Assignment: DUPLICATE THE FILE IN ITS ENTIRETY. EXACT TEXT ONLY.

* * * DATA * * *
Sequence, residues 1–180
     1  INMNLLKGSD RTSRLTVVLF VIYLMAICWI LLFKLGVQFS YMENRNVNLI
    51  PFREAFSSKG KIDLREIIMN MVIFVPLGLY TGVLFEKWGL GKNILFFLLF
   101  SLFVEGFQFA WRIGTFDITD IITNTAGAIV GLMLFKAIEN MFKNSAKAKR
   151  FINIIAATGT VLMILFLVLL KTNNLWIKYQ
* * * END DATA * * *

Sequence, residues 1–180
     1  INMNLLKGSD RTSRLTVVLF VIYLMAICWI LLFKLGVQFS YMENRNVNLI
    51  PFREAFSSKG KIDLREIIMN MVIFVPLGLY TGVLFEKWGL GKNILFFLLF
   101  SLFVEGFQFA WRIGTFDITD IITNTAGAIV GLMLFKAIEN MFKNSAKAKR
   151  FINIIAATGT VLMILFLVLL KTNNLWIKYQ